bioRxiv: Analysis of herbicide resistance mutations

Use of long reads for phased analysis of extended haplotyes

Deep haplotype analyses of target-site resistance locus ACCase in blackgrass enabled by pool-based amplicon sequencing

Sonja Kersten et al. (2022) bioRxiv 496946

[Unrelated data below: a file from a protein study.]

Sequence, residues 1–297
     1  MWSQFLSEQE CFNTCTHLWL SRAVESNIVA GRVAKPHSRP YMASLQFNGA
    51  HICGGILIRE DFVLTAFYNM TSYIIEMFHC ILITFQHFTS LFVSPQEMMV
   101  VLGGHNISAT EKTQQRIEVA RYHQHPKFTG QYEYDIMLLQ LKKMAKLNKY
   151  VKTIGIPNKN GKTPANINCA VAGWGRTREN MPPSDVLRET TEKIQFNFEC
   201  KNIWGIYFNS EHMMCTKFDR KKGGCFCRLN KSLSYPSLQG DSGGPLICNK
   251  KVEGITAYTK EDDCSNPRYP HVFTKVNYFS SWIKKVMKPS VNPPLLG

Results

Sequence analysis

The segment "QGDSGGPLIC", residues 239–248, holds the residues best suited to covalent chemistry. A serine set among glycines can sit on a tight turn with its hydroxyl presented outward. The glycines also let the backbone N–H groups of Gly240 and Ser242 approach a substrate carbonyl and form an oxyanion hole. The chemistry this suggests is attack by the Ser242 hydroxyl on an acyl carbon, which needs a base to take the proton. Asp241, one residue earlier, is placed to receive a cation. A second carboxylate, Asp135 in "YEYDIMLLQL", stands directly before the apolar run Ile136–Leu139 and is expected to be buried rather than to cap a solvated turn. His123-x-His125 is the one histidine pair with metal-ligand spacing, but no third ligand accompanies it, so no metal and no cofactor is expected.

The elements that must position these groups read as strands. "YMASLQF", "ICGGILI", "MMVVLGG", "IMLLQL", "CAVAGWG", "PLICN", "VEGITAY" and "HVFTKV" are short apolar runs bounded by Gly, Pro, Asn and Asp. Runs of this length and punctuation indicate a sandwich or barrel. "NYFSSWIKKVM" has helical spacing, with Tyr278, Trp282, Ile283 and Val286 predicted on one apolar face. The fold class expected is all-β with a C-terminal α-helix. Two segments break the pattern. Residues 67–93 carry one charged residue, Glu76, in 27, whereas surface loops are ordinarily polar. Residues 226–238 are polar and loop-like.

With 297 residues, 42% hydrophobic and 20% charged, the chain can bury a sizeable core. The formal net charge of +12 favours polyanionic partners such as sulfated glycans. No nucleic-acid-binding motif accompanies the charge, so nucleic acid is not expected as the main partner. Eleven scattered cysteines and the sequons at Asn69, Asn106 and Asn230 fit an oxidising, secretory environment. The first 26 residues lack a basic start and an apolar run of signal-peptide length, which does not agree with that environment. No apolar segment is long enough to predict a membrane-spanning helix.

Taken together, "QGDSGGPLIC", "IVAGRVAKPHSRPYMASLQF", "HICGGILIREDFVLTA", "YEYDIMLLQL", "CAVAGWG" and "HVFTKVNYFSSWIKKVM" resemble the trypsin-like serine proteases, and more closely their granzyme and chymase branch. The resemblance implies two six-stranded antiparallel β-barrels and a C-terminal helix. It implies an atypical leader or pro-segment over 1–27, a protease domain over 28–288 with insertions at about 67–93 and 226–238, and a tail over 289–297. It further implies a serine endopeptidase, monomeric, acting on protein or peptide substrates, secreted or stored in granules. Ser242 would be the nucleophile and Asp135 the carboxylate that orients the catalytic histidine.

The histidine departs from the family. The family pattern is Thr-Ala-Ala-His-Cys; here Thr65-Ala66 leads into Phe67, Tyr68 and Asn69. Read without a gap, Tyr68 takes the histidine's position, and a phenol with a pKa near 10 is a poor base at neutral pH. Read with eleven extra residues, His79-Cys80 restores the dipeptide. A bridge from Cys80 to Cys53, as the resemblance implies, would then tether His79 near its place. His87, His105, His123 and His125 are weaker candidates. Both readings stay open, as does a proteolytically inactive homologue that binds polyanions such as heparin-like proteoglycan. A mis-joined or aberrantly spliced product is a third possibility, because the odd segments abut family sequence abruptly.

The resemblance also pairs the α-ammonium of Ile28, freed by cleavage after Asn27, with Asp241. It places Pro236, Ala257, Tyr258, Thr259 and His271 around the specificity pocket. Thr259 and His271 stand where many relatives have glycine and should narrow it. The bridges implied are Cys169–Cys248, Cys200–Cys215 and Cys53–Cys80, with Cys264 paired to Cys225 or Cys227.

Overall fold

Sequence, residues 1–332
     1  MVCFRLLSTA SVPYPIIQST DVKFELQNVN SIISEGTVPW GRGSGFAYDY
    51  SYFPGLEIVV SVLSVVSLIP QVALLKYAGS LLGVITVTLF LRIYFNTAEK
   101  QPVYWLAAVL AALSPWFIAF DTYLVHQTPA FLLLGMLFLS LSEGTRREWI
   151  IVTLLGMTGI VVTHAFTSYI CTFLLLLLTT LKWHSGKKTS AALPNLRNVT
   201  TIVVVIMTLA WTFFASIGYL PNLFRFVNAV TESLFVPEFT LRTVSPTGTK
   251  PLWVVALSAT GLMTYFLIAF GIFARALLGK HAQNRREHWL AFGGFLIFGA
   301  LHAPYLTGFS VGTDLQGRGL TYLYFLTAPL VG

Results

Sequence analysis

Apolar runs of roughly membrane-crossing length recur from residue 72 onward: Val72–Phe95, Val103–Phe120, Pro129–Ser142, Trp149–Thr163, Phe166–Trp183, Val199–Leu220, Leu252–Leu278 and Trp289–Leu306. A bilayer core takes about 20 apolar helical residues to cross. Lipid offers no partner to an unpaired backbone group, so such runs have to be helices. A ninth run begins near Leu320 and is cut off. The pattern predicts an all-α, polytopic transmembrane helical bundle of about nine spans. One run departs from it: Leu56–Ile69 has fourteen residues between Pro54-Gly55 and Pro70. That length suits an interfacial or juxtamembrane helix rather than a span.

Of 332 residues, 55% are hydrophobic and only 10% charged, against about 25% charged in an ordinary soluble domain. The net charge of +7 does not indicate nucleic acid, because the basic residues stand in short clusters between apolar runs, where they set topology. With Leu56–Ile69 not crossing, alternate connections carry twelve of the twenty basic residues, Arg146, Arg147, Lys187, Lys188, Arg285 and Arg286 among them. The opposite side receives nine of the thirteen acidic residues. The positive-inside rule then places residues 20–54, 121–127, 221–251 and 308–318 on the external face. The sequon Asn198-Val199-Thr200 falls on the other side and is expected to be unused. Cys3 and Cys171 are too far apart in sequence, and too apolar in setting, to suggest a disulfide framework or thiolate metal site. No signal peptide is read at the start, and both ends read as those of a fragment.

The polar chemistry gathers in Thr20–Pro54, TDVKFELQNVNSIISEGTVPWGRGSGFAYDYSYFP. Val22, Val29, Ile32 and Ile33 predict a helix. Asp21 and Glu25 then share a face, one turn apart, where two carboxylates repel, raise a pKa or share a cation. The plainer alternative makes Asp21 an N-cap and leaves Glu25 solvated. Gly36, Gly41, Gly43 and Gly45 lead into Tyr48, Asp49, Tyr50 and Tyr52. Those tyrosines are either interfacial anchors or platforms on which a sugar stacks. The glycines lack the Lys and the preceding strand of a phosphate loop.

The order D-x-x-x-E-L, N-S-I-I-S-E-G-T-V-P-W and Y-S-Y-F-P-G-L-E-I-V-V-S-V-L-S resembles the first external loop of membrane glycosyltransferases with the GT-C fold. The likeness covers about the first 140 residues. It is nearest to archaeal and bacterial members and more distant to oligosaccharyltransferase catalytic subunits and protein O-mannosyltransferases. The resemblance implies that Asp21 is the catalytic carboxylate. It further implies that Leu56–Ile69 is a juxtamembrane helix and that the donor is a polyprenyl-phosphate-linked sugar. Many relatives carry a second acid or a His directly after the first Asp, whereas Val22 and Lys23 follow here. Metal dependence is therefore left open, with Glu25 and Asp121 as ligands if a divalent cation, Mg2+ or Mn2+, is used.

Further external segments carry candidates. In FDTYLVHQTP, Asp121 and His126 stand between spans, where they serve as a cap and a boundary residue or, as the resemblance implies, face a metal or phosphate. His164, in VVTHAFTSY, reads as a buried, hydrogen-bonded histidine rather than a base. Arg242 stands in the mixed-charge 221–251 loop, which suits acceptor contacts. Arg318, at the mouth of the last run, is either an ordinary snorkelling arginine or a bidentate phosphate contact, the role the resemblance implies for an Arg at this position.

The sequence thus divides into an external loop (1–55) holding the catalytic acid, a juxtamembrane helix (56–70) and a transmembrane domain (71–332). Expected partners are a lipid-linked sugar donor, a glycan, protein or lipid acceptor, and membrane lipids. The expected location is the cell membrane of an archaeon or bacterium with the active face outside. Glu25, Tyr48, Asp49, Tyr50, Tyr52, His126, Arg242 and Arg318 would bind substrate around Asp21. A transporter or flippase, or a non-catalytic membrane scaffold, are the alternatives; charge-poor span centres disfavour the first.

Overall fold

Rapid adaptation of weeds to herbicide applications in agriculture through resistance development is a widespread phenomenon. In particular, the grass Alopecurus myosuroides is an extremely problematic weed in cereal crops with the potential to manifest resistance in the course of only a few generations. Target-site resistances (TSRs), with their strong phenotypic response, play an important role in this rapid adaptive response. Recently, using PacBio’s long-read amplicon sequencing technology in hundreds of individuals, we were able to decipher the genomic context in which TSR mutations occur. However, sequencing individual amplicons is both costly and time consuming, thus impractical to implement for other resistance loci or applications. Alternatively, pool-based approaches overcome these limitations and provide reliable allele frequencies, albeit at the expense of not preserving haplotype information. In this proof-of-concept study, we sequenced with PacBio High Fidelity (HiFi) reads long-range amplicons (13.2 kb) encompassing the entire ACCase gene in pools of over hundred individuals, and resolved them into haplotypes using the clustering algorithm PacBio amplicon analysis (pbaa), a new application for pools and for plants. From these amplicon pools, we were able to recover most haplotypes from previously sequenced individuals of the same population. In addition, we analyzed new pools from a Germany-wide collection of A. myosuroides populations and found that TSR mutations originating from soft sweeps of independent origin were common. Forward-in-time simulations indicate that TSR haplotypes will persist for decades even at relatively low frequencies and without selection, pointing to the importance of accurate measurement of TSR haplotype prevalence for weed management.